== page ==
In 2003 I launched my initial online venture: an e-commerce store selling camping gear. After working very difficult for 1 . 5 years on SEO, our site was rewarded with a No. 1 spot in the various search engines for the keyword "camping gear." Our traffic spiked therefore did our sales. Our sales went from about $3,000 monthly to $30,000 monthly almost overnight. Since we were utilizing drop shippers, our rankings caused us new problems. Suddenly the drop shippers cannot match us. I did so what any other entrepreneur would do… I quickly called the manufacturers and started ordering pallets of camping gear to be sent to my garage. Just a couple weeks later I acquired the decision. They said my merchant account was on hold because of suspicious activity and they were likely to hold all of the money still being processed for 3 months to be sure we didn’t have a whole lot of charge-backs. I quickly got TWO additional merchant accounts and when the funds cleared I closed the other one. Lesson learned. In the event that you intend to have your sales spike because of something launch or getting first-page rankings in the various search engines, let your merchant account know first!

– Nicole Munoz, Founder, CEO, Start Ranking Now

Early in on our first online startup, we’d a developer contain the site ransom for the money. He ran up the hosting costs to about $8,000 for 14 days before we caught it, then blamed it on a hacker. He was the only person (besides me) with usage of the dashboard that required a double confirmation for adjusting the scaling for the hosting services. It might only have already been him. While we knew that which was going on, we were confronted with having the site turn off when it had been finally getting some traction or paying the amount of money to achieve the site back. He was using Heroku credits from winning a previous hackathon and essentially converting it to cash by making us pay this "bill." Those startup credits are actually useless unless you’re with them for a big website, which explains why he wanted the money. Obtaining a lawyer involved could have taken weeks, so we’d to do something quickly. Coincidentally, his "credit card" company needed the amount of money to cover the bill with only a bi weekly heads up, right before he was moving to L.A. Unfortunately, we’d to pay the guy knowing full well what he was doing to get our site back and continue forward. BIG lesson learned.

– Andy Karuza, CEO, Gossip App

Amazon will shut your seller account down in the event that you fall below a particular customer approval rating. I don’t remember the precise number, but it’s around a 96 or 97 percent satisfaction rate. We were Organize.com and treading along that line for about 12 months. We got the "suspension" notice 1 day requesting us to respond. I recall seeing the appearance on our office manager’s face. She arrived to my office pale-faced and explained the news headlines. Amazon represented 70 percent of most of our business. This is catastrophic; we’d done almost $700,000 the month prior. It significantly hurt our business and ultimately ended in us closing any office and laying off everyone. It had been the scariest amount of time in my entire life. I’d just gotten married, and today we were out of business with piles of debt. I was concerned about everything. Lessons learned: Don’t put all of your eggs in a single basket. And do not put the continuing future of your business on somebody else’s platform. It may 1 day be gone and there is nothing that can be done about any of it.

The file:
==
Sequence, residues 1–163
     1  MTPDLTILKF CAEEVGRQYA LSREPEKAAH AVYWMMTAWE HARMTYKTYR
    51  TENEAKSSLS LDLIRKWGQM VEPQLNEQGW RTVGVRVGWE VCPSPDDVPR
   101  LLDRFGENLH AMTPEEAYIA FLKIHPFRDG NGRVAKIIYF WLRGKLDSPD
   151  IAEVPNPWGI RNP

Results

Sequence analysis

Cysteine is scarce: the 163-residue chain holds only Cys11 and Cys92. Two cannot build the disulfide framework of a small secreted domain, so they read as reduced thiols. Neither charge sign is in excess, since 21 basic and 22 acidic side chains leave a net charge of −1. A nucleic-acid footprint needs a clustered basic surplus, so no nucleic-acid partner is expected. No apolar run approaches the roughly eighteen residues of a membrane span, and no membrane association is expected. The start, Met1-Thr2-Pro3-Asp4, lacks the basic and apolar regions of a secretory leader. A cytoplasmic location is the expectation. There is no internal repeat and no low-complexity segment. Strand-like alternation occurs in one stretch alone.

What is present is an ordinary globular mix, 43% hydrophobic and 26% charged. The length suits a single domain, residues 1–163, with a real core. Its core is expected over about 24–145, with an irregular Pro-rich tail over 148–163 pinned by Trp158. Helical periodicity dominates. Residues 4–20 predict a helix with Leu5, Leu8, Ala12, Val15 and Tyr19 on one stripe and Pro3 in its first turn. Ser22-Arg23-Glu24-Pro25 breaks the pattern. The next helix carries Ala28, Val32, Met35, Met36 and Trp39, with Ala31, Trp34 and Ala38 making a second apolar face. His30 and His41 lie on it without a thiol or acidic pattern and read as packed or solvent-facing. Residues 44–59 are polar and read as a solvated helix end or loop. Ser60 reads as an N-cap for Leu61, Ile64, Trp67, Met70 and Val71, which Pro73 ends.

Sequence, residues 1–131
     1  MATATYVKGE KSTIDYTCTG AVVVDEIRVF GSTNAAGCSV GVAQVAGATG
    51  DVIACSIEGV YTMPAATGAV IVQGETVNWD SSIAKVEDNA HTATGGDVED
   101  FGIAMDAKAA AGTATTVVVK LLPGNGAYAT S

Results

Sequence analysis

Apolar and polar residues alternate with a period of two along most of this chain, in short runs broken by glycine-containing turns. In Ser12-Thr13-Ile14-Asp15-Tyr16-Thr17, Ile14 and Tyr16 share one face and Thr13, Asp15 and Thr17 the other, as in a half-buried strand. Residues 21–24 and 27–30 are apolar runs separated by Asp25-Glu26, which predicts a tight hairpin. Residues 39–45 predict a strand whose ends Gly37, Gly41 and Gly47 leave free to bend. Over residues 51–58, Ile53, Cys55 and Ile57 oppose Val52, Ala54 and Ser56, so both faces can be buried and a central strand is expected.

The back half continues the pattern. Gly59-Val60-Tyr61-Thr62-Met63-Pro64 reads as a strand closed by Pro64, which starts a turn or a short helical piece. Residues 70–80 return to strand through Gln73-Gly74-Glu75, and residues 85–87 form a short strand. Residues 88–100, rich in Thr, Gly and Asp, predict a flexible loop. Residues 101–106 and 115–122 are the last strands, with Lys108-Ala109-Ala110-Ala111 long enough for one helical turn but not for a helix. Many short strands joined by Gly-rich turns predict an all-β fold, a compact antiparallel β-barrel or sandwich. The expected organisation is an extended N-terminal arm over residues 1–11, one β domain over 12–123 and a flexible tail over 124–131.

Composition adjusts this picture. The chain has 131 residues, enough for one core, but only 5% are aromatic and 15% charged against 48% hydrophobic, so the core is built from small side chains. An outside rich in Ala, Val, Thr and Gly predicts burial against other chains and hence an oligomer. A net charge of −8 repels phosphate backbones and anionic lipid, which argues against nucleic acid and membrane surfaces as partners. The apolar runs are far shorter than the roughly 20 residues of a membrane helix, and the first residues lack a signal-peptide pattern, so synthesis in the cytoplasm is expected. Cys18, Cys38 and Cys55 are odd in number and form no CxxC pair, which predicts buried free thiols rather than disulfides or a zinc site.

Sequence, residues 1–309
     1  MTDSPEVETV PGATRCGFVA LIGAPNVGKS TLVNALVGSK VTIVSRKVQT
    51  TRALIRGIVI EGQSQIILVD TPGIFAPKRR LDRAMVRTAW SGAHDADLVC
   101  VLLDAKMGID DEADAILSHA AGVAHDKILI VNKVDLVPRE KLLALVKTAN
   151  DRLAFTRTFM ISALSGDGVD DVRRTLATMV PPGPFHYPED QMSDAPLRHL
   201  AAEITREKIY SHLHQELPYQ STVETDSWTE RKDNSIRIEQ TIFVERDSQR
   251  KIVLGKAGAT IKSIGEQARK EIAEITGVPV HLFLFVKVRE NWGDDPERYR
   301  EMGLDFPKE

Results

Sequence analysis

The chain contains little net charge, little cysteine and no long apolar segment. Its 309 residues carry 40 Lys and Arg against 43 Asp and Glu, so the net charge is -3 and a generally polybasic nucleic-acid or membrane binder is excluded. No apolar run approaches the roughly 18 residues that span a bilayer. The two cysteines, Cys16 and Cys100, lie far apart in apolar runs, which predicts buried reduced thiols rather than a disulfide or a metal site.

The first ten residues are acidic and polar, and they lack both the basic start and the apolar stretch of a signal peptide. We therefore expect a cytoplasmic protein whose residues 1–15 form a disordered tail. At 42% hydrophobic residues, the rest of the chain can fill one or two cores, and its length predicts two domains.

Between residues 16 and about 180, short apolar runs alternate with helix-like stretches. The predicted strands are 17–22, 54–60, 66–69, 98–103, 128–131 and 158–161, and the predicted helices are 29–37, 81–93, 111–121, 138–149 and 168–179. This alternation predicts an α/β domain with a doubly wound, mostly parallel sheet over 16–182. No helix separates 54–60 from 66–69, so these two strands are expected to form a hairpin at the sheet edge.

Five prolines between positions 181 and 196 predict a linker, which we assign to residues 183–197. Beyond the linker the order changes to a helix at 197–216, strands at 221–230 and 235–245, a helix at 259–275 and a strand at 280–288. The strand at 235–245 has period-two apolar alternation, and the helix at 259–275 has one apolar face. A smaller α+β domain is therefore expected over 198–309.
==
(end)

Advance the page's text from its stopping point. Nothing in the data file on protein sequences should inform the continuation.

– John Rampton, Founder, Hostt

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I purchased software for $1.3 million. It had been make or break for my company. Works out, they sold me bum software. I was between a rock and a difficult place. I felt 12 months down this path was too much to carefully turn back. Clients left daily because they lost faith that the problems would ever resolve. As it happens the sellers committed fraud. I exhausted the potential fixes. My closest confidants advised me to employ an attorney and get my cash back. I was broke. My money box didn’t have $75,000 for the first payment retainer for an attorney. Soon, the economy plummeted. Advertising, my industry, was the very first thing businesses cut. Layoffs loomed. My emotional state was dark and tanking deeper in to the abyss. Overnight, I let go 47 employees. I propped up my friends and employees out of my own funds. I extinguished my savings. I felt just like the captain heading down with the ship. I finally realized I couldn’t cry over spilled milk. I picked my "bloodied" self off the mat. I reset and relaxed. Then i moved forward with a remedy that didn’t involve the program and found clarity in my own mistake.

– Joshua Lee, Prosperty Activator | Online Authority Builder | Seeker of Jollification, StandOut Authority

The scariest moment in my own entrepreneurship career happened in March of 2012. We received an "Unnatural Links Warning" from Google and starting that day, our rankings begun to fall over another almost a year. We lost almost 80 percent of our traffic and seemed headed for bankruptcy. Luckily, we could actually find a way from the penalty, however the whole process took 14 months and lots of debt to transport us through. Before the penalty, SEO was our major marketing effort. Since that incident, we’ve diversified our marketing program in order that we never depend on an individual strategy.

– Vladimir Gendelman, Founder and CEO, Company Folders, Inc


For me? My scariest moment as a business owner was back 2008. We had an evergrowing company in Likeable Media and our receivables were growing steadily, but our profit the lender wasn’t enough to create payroll. It had been a terrifying situation that felt like life or death nearly everyday. We nearly missed payroll many times before I secured a credit line to cover the gap. Eventually we got through it, but boy was it scary there for awhile."

Now it’s your turn. What’s the scariest story you’ve ever experienced as a business owner? As your small business owner? As a worker? Please share your stories in the comments section below. And here’s to a spooky but Happy Halloween to all or any who celebrate!